How to Identify Organic Products
Today there is a huge selection of organic beauty, skin care and personal care product lines. This gives rise to the question of how you can be certain that an organic product claiming to be organic, truly is organic. The answer to this is a bit complicated. If you haven't already done so, you may first want to read our page on Organic Labeling Confusion.
One way to identify organic products is by their certification or "seal". Read Organic Certification. These certifications made by regulatory agencies are established to protect the consumer and ensure organic quality so a consumer can be confident that what they are purchasing is indeed a truly organic product. However, the certifications also cause a fair amount of confusion over different standards and guidelines. Another problem is that there are also many organic companies that are not yet certified. Organic certification is new in the United States and very expensive. There are several different agencies that have been established over the past 5 years, each charging a company several thousands of dollars to receive certification to be able to use their Organic seal. And if you sell your product outside of the US, then you must pay for additional certification in other countries in order to label your products as "certified Organic". Many organic manufacturers are small family owned businesses that haven't been able to afford the cost of certification yet.
So, your best bet to find superior purity, quality and effectiveness that meets your needs is, as is the case most of the time, to educate yourself and learn as much about organic ingredients as possible. Become familiar with chemical ingredients as well as natural and organic ingredients. We have several links on our website to resources where you can research information on ingredients.
After you have become familiar with different types of ingredients then begin reading ingredient labels on products to see if you can understand them.
Based on your organic goals, here are some guidelines that you may consider following when evaluating the ingredients and manufacturers of beauty, skin care and personal care products:
- Plant and mineral ingredients are used and the product does not contain synthetic chemicals including sulfates, chemical fragrances, synthetic coloring agents, paraffin, waxes or other petroleum ingredients. You may also want to consider not using a product whose plant or mineral ingredients are derived from an endangered source.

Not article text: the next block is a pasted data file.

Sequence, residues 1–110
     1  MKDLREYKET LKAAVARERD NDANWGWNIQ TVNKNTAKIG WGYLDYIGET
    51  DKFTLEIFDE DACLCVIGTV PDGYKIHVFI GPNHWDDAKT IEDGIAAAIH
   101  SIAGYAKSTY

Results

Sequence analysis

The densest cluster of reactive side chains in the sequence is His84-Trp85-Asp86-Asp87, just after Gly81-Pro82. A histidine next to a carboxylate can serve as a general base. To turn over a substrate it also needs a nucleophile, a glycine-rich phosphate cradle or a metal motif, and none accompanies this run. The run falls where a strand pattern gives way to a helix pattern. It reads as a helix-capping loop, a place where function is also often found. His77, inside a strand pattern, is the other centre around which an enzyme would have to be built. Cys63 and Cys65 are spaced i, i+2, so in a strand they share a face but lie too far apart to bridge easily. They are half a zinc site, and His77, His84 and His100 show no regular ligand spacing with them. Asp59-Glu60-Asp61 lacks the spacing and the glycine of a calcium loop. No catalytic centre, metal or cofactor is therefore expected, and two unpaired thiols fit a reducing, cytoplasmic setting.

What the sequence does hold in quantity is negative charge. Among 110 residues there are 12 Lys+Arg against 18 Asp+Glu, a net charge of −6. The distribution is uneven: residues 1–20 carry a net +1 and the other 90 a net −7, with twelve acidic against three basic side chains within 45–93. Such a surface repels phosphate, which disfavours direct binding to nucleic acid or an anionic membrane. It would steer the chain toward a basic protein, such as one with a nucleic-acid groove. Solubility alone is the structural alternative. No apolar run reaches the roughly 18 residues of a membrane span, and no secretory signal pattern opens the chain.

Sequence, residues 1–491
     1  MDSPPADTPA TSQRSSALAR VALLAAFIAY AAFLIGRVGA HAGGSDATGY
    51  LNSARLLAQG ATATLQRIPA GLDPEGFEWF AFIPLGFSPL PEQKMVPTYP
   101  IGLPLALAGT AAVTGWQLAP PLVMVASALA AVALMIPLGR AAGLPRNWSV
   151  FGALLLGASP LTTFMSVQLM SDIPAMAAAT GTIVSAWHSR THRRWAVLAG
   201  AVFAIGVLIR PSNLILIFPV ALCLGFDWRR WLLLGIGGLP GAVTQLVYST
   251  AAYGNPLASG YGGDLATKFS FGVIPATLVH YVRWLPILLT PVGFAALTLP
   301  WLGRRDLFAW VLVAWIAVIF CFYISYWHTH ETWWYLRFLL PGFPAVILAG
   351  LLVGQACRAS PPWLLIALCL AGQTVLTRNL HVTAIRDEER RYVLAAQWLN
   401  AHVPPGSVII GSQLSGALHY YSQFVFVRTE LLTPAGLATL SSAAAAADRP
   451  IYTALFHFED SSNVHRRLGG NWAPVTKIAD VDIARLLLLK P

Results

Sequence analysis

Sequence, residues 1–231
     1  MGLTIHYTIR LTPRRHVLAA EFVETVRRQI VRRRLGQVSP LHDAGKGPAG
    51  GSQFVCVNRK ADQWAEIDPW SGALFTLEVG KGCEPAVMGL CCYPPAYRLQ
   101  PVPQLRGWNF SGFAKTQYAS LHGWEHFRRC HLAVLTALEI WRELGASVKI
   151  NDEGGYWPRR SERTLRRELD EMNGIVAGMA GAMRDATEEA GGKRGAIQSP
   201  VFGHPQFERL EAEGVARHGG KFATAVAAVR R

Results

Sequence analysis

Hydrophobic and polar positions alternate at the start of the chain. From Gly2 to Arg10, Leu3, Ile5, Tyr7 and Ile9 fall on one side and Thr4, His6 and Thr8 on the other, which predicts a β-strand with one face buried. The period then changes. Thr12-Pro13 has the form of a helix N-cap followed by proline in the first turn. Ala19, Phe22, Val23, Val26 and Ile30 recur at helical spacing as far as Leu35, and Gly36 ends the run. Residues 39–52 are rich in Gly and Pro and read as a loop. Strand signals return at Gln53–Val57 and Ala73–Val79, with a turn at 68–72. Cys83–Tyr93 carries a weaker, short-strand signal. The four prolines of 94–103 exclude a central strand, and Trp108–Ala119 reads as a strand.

Here is a quick reference list of the "deadly dozen" - the most common synthetic chemical ingredients used in skin care products:
- Propylene Glycol (PG) and Butylene Glycol
- Sodium Lauryl Sulfate (SLS) and Sodium Laureth Sulfate (SLES)
- DEA (diethanolamine), MEA (monoethanolamine) & TEA (triethanolamine)
- Polyethylene Glycol (PEG 4 - 200)
- Sodium Hydroxide
- DMDM and Urea (Imidazolidnyl)
- Parabens (Methyl, Butyl, Propyl.. etc)
- Alcohol, Isopropyl (SD-40)
- Mineral Oil
- FD&C Color Pigments
- Fragrances (synthetic fragrances will have names like "essential lavender oil", because no lavender was even used!)
- Plant ingredients are certified organic, (or certified biodynamic) or organically grown and do not contain any genetically modified ingredients (GMO's).
- Preservatives should be derived from natural sources. Parabens (propyl, methyl and ethyl) which are chemical preservatives, should not be used.
- No animal by-products. Ingredients derived from animals should not be used with the exception of: beeswax, bee pollen, honey and royal jelly, which are considered acceptable as they do not harm the animal. If you are a vegetarian or vegan, then you will want to find products that exclude these ingredients as well.
- No animal testing on ingredients contained in products or on the products by the company or on behalf of the company.
- Manufacturers should have an environmental based mission or company philosophy.
- Manufacturers should use recyclable and environmentally friendly packaging wherever possible.
- When there is a question of organic authenticity, manufacturers should provide a certificate of organic certification from a third party agency concerning their ingredients.
- Manufacturers should be able to track origin of ingredients to ensure quality of ingredients.
Aside from reading product labels which can be confusing, sometimes you can also evaluate whether products have chemicals in them simply by looking at the product itself:
- The colors - are they bright and vibrant? Does the color remain the same throughout the use of the product? If so, it is NOT organic - Chemicals additives are used in products to give them nice, bright and appealing colors.
- The scent - Does the product have a strong scent to it? Typically, synthetic fragrances will produce a strong aroma.
With just a little time and research, you'll soon be buying Organic with confidence!